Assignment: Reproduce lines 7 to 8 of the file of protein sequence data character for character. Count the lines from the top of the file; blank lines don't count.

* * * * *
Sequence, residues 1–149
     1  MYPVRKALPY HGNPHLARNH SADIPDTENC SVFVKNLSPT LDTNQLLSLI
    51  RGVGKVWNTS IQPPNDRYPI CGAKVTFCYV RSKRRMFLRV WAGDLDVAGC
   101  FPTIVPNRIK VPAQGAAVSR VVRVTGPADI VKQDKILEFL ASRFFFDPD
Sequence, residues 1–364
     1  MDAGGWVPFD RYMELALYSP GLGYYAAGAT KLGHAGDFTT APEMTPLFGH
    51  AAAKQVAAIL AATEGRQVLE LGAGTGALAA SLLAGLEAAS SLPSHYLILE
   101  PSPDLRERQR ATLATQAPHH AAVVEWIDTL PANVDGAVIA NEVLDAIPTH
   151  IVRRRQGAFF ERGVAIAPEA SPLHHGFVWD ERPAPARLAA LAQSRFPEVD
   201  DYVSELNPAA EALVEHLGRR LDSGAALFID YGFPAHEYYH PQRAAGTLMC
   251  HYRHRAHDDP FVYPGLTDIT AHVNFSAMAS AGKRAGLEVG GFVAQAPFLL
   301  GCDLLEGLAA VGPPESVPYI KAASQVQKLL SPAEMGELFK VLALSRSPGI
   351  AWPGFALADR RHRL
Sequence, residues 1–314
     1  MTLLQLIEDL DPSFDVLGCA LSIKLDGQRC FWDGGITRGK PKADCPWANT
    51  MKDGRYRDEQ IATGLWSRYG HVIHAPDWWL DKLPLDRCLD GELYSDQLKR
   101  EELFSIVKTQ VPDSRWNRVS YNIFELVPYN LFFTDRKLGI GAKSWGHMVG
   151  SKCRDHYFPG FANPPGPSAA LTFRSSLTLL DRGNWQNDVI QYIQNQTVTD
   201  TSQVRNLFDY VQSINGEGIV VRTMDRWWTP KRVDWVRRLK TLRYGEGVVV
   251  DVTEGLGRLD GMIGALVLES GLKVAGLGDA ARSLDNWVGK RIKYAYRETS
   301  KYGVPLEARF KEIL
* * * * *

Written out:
    51  AAAKQVAAIL AATEGRQVLE LGAGTGALAA SLLAGLEAAS SLPSHYLILE
   101  PSPDLRERQR ATLATQAPHH AAVVEWIDTL PANVDGAVIA NEVLDAIPTH